KSmitty wrote:Portland is 110 miles to Ayer, the haul is too short for rail to compete with truck, if the goal is to handle empty trailers from MA to ME and then reload the outbound trailers in ME. Waterville, an extra 90 miles up, is far enough from Ayer to give a 200 mile corridor, thats about the bare minimum for an intermodal service to be successful. Seriously, suggesting a 110 mile IM corridor? Name 1 other corridor that short that works! The shortest I can think of is a Jacksonville-Miami route at 350 miles, a similar situation with most loads inbound. I even question Waterville as a viable option for repositioning empties. Its too short a haul.
The whole plan is nonsense.
Mill traffic outbound makes more sense from Waterville. Its more central to the mills, and already has the facilities. It might mean an empty dray of trailers up 95 to the mills, and an equally empty haul of flats to Waterville, but Portland is commuting distance to Boston, same market, they would be competing against themselves.
Gees, if you're going to shoot make sure you aim the rifle away from yourself! The "whole plan is nonsense", but you're OK with running empties on the road parallel to the baretables running on PAR? Do you think that makes sense?
FEC can't be compared to ME for CSX or NS, apples and oranges. FEC is about loads in and empties out, while ME for CSX and NS is a load from the west or south into southern New England, empty repo to Maine's paper industry, paper load back out west or south. So as I wrote before, intermodal is not just about rail (miles in the case you've made) but about the interplay of trucking, rail and terminal costs and service. Before, during and after the most recent use for the Waterville intermodal terminal, handling Conrail/CSX traffic, trucks have been used off MA ramps to triangulate a delivery, empty repo and then pick up the paper load because it is cost competitive with better service (and lead to the closing of Waterville). To Engineer Spike's point, it's a highly imbalanced situation --- into the 5 New England states but out of ME, with 1-2 loads in for every 10 out for ME in these western/southern lanes.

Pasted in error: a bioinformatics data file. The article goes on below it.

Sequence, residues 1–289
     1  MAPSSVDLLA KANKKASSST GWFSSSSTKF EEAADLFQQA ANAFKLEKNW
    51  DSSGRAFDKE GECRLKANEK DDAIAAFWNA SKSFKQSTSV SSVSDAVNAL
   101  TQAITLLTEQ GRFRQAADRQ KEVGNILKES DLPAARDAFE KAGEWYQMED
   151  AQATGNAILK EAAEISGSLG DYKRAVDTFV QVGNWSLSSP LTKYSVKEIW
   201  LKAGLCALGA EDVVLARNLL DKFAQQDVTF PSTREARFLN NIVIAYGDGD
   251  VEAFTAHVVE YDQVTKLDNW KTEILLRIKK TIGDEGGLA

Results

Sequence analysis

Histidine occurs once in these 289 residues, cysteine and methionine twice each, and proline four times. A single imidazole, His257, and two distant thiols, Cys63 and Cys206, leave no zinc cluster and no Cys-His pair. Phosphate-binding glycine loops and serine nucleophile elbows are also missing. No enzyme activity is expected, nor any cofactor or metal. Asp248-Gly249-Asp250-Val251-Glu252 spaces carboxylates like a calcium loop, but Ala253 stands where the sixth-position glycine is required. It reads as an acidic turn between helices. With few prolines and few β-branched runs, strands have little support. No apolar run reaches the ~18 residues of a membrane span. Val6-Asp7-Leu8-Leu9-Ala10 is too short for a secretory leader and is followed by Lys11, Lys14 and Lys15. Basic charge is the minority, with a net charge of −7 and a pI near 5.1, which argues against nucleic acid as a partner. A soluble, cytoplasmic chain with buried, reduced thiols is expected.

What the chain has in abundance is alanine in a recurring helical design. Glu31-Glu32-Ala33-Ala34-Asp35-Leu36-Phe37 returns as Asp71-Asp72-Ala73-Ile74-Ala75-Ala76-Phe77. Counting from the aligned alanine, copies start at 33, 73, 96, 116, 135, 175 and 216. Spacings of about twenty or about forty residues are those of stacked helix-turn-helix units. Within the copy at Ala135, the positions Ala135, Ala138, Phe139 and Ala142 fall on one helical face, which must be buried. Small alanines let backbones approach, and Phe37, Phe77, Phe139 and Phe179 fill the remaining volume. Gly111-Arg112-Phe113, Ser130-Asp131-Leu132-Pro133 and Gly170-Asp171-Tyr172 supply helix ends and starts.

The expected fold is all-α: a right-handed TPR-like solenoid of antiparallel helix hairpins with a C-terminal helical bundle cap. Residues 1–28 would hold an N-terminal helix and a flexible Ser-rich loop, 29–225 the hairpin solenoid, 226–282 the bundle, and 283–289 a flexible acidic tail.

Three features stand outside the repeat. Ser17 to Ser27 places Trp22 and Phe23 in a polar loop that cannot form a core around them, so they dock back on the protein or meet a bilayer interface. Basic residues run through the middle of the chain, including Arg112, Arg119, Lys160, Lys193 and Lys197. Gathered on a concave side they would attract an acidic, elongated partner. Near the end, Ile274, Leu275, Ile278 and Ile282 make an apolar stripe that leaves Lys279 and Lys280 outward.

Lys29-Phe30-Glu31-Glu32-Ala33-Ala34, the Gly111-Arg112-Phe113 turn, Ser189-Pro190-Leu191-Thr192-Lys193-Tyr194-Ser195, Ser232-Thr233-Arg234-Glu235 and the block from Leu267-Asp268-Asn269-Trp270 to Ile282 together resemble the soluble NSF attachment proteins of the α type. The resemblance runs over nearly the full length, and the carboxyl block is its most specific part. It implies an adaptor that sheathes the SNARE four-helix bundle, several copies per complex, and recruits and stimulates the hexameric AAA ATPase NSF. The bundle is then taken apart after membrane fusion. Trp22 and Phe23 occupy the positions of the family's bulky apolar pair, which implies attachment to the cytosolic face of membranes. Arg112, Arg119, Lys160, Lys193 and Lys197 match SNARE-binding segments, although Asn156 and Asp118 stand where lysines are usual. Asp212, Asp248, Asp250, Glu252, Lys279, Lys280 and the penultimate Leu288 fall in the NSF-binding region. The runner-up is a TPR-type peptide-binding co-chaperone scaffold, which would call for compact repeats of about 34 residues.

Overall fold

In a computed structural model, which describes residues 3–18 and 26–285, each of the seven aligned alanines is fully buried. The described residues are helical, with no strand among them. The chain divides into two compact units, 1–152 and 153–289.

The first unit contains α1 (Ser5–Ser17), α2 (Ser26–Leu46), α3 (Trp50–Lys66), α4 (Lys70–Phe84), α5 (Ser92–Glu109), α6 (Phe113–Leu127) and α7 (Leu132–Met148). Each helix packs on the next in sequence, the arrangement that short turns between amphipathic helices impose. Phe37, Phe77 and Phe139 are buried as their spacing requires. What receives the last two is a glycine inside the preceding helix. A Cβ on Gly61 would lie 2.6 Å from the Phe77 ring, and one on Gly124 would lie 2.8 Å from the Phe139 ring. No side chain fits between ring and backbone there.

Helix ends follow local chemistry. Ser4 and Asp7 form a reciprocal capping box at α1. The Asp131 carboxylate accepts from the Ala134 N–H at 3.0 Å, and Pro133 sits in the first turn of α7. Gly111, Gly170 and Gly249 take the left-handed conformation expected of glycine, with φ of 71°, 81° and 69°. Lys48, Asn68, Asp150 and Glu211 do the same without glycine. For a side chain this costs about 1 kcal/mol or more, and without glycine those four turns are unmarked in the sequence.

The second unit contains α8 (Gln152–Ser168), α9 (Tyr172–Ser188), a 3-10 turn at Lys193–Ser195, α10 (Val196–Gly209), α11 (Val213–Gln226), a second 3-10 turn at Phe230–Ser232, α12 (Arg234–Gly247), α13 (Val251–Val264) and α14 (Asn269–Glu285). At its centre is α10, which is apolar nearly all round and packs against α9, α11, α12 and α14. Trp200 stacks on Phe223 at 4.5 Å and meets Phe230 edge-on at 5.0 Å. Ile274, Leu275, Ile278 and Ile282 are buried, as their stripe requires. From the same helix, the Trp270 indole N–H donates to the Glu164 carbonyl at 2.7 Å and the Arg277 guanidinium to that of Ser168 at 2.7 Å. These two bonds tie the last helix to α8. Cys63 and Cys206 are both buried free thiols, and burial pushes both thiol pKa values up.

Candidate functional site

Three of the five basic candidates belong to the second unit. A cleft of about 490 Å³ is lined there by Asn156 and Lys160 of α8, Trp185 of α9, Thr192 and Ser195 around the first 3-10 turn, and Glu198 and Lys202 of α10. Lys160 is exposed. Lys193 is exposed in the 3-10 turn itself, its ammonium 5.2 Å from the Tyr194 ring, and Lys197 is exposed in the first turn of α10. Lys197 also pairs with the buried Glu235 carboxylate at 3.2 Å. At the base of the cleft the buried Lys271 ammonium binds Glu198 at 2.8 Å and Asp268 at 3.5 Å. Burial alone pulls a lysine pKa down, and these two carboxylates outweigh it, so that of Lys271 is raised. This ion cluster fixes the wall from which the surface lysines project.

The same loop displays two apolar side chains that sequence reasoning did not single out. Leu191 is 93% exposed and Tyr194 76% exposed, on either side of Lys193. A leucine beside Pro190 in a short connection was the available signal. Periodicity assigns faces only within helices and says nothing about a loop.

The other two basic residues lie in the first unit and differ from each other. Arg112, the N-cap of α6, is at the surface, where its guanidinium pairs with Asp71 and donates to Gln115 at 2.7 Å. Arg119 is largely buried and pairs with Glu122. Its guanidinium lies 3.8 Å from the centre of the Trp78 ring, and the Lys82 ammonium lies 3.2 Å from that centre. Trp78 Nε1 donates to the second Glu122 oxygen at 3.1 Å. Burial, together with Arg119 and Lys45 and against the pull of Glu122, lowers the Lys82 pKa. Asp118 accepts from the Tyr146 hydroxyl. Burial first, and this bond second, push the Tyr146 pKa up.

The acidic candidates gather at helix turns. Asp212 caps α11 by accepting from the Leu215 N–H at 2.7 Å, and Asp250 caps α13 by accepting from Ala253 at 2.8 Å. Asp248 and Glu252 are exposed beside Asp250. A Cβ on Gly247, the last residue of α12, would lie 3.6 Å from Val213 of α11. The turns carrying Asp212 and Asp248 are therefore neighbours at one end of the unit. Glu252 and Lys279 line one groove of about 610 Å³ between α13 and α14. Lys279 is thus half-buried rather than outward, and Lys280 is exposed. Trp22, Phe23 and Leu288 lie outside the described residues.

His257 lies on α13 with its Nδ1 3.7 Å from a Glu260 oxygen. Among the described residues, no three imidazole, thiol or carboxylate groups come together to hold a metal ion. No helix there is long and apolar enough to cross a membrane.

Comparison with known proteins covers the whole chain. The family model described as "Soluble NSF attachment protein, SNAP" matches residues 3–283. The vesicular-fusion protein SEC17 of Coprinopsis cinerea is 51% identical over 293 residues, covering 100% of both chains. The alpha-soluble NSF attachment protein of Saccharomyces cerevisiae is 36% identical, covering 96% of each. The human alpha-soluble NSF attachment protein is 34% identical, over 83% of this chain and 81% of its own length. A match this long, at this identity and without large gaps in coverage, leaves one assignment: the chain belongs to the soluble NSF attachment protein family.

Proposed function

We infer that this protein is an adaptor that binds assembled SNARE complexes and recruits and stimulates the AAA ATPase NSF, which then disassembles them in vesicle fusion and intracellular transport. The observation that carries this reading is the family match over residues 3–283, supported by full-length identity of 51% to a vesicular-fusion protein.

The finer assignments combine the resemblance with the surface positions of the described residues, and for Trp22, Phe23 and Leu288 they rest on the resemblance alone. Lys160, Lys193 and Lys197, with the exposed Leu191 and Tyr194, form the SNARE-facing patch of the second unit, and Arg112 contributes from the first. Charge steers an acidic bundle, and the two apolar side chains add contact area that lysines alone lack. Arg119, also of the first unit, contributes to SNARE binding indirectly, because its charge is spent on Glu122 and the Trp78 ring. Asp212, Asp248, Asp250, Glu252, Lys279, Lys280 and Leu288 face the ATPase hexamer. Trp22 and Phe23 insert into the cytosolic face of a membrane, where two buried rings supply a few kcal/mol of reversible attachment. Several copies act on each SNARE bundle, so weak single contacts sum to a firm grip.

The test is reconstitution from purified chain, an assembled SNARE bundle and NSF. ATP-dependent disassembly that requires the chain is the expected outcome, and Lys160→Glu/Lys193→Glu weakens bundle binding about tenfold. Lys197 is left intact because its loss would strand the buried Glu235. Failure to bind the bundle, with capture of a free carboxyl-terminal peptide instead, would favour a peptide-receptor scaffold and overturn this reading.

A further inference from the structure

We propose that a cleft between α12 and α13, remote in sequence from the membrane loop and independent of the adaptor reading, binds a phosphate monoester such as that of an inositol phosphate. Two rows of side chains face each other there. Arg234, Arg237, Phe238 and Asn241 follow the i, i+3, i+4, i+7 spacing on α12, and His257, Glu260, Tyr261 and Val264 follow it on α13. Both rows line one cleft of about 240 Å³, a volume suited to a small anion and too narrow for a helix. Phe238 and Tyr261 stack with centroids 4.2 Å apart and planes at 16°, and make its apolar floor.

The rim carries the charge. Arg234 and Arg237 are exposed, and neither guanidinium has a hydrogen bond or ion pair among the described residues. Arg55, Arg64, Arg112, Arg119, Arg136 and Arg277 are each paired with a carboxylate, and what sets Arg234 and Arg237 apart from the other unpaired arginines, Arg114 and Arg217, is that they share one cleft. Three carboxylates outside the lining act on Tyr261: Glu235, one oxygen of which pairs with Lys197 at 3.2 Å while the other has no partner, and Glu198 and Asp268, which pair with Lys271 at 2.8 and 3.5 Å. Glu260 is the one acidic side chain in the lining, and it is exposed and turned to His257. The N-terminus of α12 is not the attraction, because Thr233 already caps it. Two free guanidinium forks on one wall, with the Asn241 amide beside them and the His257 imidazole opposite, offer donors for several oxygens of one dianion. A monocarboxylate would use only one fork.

So, my pont is to first take a ME intermodal ramp for CSX and NS with a grain of salt, but also my belief, given a number of reasons, that IF a PAR intermodal terminal were opened in ME to serve CSX and/or NS, it would be located in the Portland-area or south. First, siting a ME intermodal ramp, because of the situation, is not necessarily only about proximity to the mills but also very possibly those places the inbound loads are going and, second, because ME intermodal for CSX or NS is an offshoot of Ayer and Worcester, the operations/capacity of a potential ME terminal are effectively a subpart of Ayer and Worcester's operations and capacity, and, therefore (get this!) dependent upon whatever is going on with Ayer and Worcester. Portland/south allows you to build a balanced rail opration without the need to rail empties PLUS maintain the same trucking cost structure and add capacity to Ayer or Worcester (Waterville uses up capacity in Worcester and/or Ayer). Plus, you have to ask whether this intermodal business could justify the investments necessary to get north of Portland up to 25, if that's the case, and recognize, too, that there's the very small start with Eimskip there.
Lastly, railroads are rumor mills and intermodal is a very nuanced business that many in the ranks, certainly reflected here in these forums, don't understand. And, even if you were close to solid sources at PAR who are dealing directly with the outside parties for something like this, you're still a few degrees of seperation from the folks who are doing the analyses and making the decisions as to whether this will happen. The play-by-play of this situation as it has been represented in posts sounds like hyperbole: first it's crews, then they're firing up the packers, but, whoops, we're 5 hours too slow north of Portland, but, they were very close to making this happen but now it's not imminent. Hard to imagine the reality of this is the reality portrayed.